MINNEAPOLIS (WCCO) — Two months after dealing with Derek Boogaard’s overdose death, family grief took another turn in late July. Derek’s younger brother, and roommate, Aaron Boogaard was facing criminal charges in his brother’s death.
Hennepin County prosecutors alleged that Aaron Boogaard provided the painkiller, Oxycodone, to the former Wild hockey player. It’s believed that a combination of alcohol and the Oxycodone led to Boogaard’s overdose death on May 13.
But Aaron’s attorney, John Lundquist, argued his client merely provided safekeeping for the painkillers which had been purchased by Derek. Aaron kept custody of the drugs in the apartment the two brothers shared because the former Wild player was battling addiction.
Still, the younger Boogaard was faced with a second charge of interfering with a death scene. It’s believed that he flushed painkillers down the toilet to hide them from police. That resulted in the gross misdemeanor of interfering at a death scene.
On Aug. 17, Lundquist filed a motion at Boogaard’s omnibus hearing seeking to have the charges dropped.
On Thursday, Hennepin District Judge William Howard issued his order, saying that Derek Boogaard “acted alone in acquiring the drugs.” He wrote that defendant Aaron Boogaard “was not using the drugs himself, nor did he have any authority or intent to do anything with the pills, other than what (Derek Boogaard) asked of him.”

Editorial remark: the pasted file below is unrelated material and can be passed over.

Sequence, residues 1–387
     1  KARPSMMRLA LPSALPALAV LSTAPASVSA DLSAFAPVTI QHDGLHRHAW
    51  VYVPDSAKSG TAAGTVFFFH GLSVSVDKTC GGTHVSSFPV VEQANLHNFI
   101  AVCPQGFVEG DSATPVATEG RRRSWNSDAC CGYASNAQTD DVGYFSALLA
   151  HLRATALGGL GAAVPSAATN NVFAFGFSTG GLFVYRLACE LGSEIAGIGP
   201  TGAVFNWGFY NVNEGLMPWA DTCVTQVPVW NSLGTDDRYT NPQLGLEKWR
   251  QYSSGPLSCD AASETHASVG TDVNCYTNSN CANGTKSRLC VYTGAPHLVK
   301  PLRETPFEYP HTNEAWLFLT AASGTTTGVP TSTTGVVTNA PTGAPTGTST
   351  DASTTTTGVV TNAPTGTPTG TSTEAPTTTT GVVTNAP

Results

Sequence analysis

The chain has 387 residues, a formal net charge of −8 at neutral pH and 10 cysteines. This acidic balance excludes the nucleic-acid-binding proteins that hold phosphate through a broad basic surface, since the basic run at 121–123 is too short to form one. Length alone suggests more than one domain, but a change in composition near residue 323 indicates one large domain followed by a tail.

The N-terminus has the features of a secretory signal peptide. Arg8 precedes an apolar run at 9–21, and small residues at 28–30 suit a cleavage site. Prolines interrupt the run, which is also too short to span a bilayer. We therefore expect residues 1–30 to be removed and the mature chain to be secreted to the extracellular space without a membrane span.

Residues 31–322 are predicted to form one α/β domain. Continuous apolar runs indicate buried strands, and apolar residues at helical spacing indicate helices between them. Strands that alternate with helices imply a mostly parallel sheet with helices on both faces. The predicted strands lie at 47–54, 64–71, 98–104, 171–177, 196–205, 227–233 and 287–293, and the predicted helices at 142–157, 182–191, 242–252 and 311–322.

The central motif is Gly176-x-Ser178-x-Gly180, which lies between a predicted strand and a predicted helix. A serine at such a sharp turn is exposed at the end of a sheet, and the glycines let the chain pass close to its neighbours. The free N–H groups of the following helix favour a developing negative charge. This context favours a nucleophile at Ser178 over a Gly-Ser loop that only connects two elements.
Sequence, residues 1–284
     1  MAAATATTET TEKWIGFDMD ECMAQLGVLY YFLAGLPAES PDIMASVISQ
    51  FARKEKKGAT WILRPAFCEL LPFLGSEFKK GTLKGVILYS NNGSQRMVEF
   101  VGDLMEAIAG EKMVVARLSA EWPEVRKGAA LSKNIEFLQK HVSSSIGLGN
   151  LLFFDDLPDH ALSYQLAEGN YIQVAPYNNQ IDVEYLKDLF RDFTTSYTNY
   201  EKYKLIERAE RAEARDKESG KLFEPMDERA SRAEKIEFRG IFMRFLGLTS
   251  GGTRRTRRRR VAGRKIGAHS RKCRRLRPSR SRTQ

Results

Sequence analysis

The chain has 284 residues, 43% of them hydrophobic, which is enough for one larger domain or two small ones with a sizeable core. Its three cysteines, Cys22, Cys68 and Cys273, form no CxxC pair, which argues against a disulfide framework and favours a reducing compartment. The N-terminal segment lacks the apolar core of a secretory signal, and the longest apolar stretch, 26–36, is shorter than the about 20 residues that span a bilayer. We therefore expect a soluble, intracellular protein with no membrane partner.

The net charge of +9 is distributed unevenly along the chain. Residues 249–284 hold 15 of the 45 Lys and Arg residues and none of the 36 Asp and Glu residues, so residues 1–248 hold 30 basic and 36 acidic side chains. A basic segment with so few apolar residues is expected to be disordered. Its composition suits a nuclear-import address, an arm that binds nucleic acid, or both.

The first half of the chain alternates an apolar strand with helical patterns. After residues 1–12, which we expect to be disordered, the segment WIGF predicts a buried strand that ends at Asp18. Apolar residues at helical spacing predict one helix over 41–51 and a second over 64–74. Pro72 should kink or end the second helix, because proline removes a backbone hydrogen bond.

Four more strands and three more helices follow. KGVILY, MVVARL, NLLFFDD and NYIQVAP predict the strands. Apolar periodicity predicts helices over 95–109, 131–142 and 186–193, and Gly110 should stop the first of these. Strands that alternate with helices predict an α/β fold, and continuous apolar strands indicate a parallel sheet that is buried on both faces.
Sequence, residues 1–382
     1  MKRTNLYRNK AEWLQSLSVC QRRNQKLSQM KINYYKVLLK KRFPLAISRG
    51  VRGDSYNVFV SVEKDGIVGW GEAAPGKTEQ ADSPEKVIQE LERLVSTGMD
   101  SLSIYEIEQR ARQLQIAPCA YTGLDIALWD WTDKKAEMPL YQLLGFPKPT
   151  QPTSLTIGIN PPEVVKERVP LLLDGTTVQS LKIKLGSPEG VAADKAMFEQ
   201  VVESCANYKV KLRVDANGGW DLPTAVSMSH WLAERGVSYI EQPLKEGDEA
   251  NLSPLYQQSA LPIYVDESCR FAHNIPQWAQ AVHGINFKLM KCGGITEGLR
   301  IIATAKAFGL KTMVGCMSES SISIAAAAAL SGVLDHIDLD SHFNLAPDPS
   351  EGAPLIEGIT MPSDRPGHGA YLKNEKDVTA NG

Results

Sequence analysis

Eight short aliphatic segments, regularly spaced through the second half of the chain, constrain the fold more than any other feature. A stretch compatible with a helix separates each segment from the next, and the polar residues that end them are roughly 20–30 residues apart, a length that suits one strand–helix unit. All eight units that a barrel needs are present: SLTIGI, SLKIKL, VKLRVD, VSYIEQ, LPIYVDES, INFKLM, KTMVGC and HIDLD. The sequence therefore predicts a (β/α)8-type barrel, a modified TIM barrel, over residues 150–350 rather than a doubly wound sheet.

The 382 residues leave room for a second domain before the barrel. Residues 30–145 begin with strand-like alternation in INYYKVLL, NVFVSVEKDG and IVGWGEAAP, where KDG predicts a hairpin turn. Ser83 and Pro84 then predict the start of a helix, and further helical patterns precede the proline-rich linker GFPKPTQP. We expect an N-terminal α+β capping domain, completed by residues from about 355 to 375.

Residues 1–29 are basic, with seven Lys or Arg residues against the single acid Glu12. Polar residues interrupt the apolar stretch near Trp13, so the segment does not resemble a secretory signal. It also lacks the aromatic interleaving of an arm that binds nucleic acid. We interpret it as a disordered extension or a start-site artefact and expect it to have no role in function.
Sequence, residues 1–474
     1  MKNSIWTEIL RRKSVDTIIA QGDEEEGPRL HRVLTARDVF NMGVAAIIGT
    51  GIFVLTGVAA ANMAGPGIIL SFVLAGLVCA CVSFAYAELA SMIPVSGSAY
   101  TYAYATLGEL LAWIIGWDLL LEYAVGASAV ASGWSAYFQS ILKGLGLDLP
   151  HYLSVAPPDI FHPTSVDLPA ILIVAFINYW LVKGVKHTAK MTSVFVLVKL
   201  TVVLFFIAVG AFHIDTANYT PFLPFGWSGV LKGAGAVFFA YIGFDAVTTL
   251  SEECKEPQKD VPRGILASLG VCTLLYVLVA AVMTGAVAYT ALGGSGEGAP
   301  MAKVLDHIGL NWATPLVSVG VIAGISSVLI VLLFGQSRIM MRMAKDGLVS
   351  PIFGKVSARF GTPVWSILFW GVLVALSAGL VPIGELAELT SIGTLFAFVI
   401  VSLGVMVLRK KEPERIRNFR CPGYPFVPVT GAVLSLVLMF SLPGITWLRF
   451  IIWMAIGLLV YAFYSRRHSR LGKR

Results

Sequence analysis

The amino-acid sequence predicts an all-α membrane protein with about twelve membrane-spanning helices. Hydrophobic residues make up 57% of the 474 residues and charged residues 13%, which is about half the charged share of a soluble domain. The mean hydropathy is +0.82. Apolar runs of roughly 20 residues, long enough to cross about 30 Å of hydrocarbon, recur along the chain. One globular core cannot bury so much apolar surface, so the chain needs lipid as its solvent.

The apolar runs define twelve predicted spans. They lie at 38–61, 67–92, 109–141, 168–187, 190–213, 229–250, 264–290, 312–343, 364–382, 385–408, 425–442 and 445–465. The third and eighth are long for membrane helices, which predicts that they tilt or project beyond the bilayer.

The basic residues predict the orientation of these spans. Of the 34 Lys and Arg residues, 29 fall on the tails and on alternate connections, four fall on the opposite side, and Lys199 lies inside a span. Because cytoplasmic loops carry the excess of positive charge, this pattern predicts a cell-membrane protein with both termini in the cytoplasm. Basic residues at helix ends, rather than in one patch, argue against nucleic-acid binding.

Judge Howard said it was clear that Aaron was not a link in the chain of distribution. Because of that, probable cause supporting charges of sale of a controlled substance could not be supported by the facts.
The judge concluded by saying “the facts do not show the offense of sale of a controlled substance crime was committed.”
Prosecutors were successful in asking for and getting a five-day stay of the order. The County Attorney’s spokesman, Chuck Laszewski said, “it allows us to thoroughly study Judge Howard’s order and help determine what course of action we want to pursue.”
While Aaron did not wish to respond to Thursday’s court development, the Minnesota Wild did.
Team spokesman Aaron Sickman released a statement saying, “We are happy for Aaron and his family that the most serious of the charges is now dismissed. We continue to support the Boogaard family as they move forward from the tragic event this past summer.”
Boogaard could be back in court next week for a hearing in which to finalize the five-day stay of execution.